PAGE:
“I found my place,” Nachev says about joining Shen Yun Symphony Orchestra, part of the New York-based dance troupe that’s inspired millions while restoring 5,000 years of traditional Chinese culture. “Of course, I had the opportunity to lead one of the European orchestras, but I wanted to prove myself in a completely different situation. When I arrived in the United States, not many people knew about me, so I had to start from scratch and wait for many years for this opportunity.”
Shen Yun’s mission to preserve traditional Chinese culture touched Nachev personally. During the 1960s, “it was not only traditional Chinese culture that was almost completely destroyed,” he says. “But also many of my favourite classical Western composers, poets, novelists and painters were destroyed — literally, their works were destroyed. I call this a crime against humanity. The world’s multi-century artistic heritage, destroyed in just a few short years.”
Not only would Shen Yun preserve past forms of music and art, but it was crafting an entirely new sound altogether, as the first orchestra to blend classical Eastern and Western instruments, a balancing act that’s always being perfected.
“We know that music is an international language,” Nachev says. “I’ve had to develop my musical intuition for many, many years, working with different styles, with different pieces by different composers from different countries who lived in different centuries.”
Shen Yun’s original musical pieces are based on ancient Chinese melodies and then developed into new pieces of classical Western music. To harmonize the rainbow of sounds, Nachev immersed himself in Chinese folk music to better understand the capacity of signature Chinese instruments like the erhu, pipa and suona. “Once the door of your consciousness is open, you can easily find the right tempo, articulation and phrasing,” he says.
The difficulty and challenge of synthesizing the sounds from such different cultures brings a unique joy. “It’s like a secret code inside the musical text that we bring out to the audience,” he says. “It’s not necessary for them to understand the secret code, but the effect and the resonance is there.”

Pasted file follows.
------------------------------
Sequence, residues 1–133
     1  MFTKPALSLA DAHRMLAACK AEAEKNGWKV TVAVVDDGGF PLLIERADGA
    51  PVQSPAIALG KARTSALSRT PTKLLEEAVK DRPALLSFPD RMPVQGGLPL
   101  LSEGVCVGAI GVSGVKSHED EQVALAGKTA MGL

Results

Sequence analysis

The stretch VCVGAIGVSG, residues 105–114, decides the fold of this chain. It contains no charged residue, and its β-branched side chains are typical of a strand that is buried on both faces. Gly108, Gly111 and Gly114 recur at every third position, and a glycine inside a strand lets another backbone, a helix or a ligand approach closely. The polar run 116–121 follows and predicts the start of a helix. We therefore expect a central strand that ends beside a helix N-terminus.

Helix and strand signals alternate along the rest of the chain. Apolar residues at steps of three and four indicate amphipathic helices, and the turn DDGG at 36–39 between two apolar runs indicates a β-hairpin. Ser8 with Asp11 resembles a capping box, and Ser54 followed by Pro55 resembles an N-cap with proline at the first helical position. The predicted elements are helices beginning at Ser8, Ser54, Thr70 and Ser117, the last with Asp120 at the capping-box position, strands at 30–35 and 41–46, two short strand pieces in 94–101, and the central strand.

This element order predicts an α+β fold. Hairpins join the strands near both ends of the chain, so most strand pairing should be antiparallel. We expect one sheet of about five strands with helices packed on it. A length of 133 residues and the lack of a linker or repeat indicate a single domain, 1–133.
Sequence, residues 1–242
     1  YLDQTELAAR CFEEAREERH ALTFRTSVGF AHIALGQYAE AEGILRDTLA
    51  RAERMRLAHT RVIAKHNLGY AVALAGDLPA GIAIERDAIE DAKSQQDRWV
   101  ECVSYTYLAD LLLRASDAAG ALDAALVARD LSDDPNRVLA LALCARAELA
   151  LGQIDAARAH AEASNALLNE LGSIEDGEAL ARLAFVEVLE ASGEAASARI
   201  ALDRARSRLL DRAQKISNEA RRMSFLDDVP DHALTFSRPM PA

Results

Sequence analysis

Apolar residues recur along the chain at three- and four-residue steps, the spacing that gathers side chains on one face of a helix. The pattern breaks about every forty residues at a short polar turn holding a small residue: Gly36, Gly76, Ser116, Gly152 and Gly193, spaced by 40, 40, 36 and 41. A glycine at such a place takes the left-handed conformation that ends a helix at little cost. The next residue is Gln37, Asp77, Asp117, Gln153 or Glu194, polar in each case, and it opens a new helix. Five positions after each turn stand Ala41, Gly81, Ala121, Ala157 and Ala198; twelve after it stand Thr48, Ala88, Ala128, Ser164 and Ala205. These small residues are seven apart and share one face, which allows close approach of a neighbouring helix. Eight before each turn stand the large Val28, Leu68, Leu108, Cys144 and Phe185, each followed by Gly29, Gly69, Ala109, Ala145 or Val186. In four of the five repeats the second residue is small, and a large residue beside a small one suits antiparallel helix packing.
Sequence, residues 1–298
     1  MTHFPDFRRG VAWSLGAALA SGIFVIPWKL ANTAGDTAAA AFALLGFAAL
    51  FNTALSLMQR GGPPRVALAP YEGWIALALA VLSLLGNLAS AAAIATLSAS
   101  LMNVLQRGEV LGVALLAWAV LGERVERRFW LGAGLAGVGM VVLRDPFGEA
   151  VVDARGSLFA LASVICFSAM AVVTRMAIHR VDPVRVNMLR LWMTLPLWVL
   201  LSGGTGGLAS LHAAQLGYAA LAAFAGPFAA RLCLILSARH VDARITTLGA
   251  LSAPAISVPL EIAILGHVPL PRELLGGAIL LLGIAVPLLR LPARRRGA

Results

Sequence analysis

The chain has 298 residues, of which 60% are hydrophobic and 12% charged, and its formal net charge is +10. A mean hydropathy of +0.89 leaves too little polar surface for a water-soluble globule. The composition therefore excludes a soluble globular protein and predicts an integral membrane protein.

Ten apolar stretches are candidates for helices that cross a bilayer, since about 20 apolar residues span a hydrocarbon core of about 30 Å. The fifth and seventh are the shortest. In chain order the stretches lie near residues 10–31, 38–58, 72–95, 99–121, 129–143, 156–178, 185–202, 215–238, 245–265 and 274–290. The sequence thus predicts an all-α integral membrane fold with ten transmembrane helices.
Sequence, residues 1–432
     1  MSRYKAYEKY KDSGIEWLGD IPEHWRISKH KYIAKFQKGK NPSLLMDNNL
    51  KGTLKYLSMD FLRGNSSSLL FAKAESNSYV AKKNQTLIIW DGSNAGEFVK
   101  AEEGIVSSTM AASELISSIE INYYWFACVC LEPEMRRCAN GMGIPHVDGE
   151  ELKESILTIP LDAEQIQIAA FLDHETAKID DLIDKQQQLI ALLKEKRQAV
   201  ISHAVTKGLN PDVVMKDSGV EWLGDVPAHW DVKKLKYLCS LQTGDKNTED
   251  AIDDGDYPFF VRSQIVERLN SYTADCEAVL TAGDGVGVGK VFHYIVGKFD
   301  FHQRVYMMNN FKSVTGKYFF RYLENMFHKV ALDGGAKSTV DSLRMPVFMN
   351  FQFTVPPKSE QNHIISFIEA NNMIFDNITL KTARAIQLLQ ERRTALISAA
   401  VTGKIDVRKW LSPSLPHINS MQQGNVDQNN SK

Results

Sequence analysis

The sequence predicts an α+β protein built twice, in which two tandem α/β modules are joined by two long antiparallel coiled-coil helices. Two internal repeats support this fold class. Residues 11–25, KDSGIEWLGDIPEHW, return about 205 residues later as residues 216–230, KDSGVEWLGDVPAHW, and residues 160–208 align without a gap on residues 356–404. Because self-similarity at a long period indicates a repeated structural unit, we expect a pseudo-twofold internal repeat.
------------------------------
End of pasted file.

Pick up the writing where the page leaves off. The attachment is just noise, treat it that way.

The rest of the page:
Nachev attributes Shen Yun’s unique sound to more than the music’s masterful arrangement. For him, he says, Shen Yun “is not only professional development, but the orchestra is in deep harmony with my soul and what I feel about the world.”
Nachev and the other members of the orchestra practice a mind-body cultivation system called Falun Dafa. Meditating together daily, the conductor says allows “a different level of communication. This spiritual exchange and communication between us is something transcendental, beyond words.”
To better explain this intangible interplay, he says, “Two days ago, we rehearsed a piece for three erhu solos accompanied by the symphony orchestra. During the process, without words, just watching the eyes of the three soloists, I already knew what they needed — what kind of tempo, what kind of support, and how we could develop the phrase together. My feeling was that they also implicitly understood. When I desired to start the phrase from one point and bring it to the arrival point, they were completely with me — without one word between us.”
With such graceful precision, Nachev believes this metaphysical connection forges a new realm of perceptible pleasure. “We want every single detail inside the score to be so clear and articulate that we bring a different spectrum of colours behind the melody. We’re working in many dimensions. If you take a look at the conductor’s score, not only vertically — like harmony, balance, orchestration — but also horizontally, we are using every single way to make the music more impressive, and to create a really serious impact for our audience.”
Chinese Text by Rui Chen English Text by J.H. White Produced by Echo Li